The chef, who has lived in Faro his entire life and worked at this particular restaurant for his entire career, takes on the challenge. As the resident expert in the region’s culinary practices, ingredients, and cuisine, he is confident he can deliver for his boss. To get started, he props himself at the restaurant bar, pours himself a glass of wine, and examines his own menu and those of his competitors. However, he struggles. What can I create that isn’t already out there today? Each recipe variation or ingredient substitution he considers may be a good addition to the menu, but is it going to fulfill the criteria of “new” and “innovative”?
Now, imagine an extension of this scenario wherein the chef, instead of just looking at his own menu and those of his competitors for inspiration, also looks beyond. The restaurant’s owner tells him to spend a week away from the restaurant to explore new cuisines, geographies, and disciplines. The chef, heeding the direction, packs his bags.
He spends time on a coffee farm learning how beans are roasted and in a bakery learning the art of pastry decoration. He takes a class on essential oils and meets with a practitioner of Eastern medicine. And, before heading home, he tours nearby Lisbon’s architecture with an expert in the art of Feng shui.
Then, upon returning to Faro, he props himself up at the same restaurant bar, pours himself a glass of wine, and devotes himself to creating that recipe.
In which scenario is the chef more likely to concoct something innovative and new-to-the-market?
The second, of course. In leaving the walls of his own restaurant and market, the chef exposed himself to new potential options to draw from while creating a solution.
This is not to say that the chef, in only examining existing restaurant menus, could not produce a genius invention on his own. But by drawing from his existing option set — his own experience, the region’s ingredients, popular cooking techniques — the chef limits his chances of creating something new.
In exposing himself to new industries, geographies, and culinary practices, the chef boosted his toolkit of potential solutions to draw from. Sure, creative genius comes into play, but creativity is often just a numbers game. A volume game. If you have the largest roster of ideas to pick from, you have a larger change of picking something unique.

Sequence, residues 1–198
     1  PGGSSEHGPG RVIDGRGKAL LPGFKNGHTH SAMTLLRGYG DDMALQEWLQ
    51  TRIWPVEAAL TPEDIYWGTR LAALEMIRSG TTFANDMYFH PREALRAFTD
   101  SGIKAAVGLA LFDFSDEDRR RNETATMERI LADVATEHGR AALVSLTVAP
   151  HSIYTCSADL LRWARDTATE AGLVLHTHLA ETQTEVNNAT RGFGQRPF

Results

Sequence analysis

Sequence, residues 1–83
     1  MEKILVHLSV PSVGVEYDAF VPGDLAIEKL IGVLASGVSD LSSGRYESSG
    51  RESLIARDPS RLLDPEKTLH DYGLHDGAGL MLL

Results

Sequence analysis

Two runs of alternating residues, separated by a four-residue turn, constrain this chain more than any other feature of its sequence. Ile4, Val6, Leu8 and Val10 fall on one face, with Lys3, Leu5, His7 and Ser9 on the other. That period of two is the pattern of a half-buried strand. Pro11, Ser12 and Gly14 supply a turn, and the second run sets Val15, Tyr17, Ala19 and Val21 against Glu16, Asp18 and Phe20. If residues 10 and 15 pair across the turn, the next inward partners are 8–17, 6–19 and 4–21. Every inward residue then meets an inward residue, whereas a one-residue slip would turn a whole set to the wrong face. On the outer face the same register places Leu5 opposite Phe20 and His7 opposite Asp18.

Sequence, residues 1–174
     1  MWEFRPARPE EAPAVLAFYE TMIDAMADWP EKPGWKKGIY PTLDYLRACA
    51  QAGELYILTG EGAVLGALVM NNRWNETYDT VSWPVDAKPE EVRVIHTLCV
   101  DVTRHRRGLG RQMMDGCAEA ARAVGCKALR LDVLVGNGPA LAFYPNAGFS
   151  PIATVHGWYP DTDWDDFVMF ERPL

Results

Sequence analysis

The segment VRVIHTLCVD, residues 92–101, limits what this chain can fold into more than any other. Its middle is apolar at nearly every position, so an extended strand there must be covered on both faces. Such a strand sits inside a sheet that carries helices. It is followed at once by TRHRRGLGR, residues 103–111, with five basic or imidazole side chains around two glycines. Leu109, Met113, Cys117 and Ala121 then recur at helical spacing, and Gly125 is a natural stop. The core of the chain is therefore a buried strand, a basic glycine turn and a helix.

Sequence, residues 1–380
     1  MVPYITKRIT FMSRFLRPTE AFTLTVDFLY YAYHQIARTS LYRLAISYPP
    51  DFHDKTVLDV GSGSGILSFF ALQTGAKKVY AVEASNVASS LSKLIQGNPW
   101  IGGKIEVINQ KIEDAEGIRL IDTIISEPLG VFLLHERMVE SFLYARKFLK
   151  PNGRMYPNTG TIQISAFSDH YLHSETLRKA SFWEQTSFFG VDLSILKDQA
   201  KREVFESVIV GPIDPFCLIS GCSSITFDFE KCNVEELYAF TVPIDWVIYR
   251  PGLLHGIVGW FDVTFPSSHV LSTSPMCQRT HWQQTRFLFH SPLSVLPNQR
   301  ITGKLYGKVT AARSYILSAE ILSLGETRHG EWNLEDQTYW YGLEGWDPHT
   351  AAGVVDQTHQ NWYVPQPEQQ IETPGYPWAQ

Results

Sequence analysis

And, given the competitive pressures, why would the restaurant not want to increase its chances of succeeding with something new?
Why This Matters to Innovators
In the previous example, it’s easy to conclude that exposure to new industries, geographies, and culinary practices will increase the chef’s ability to innovate in the kitchen.
So why do we, as innovators, often limit ourselves to the existing option set — our own intelligences, existing market offerings, industry experts — when tasked with creating the new new?
It is because we are comfortable with, we’re good at, and we value our making choices skillset over the creating choices skillset. But if we depend only on our ability to make choices without first creating choices, our efforts to innovate will be futile.
If we continue to choose from today’s option set, we’ll continue to deliver today’s solutions.
Creating Choice through Inspiration
It is crucial to incorporate inspiration research into your solution design research whenever tasked with creating something new, whether it be process-oriented or a new-to-market product launch.
Our chances of delivering a truly novel solution to the world dramatically increase when we consciously expand the number of options we are able to choose from.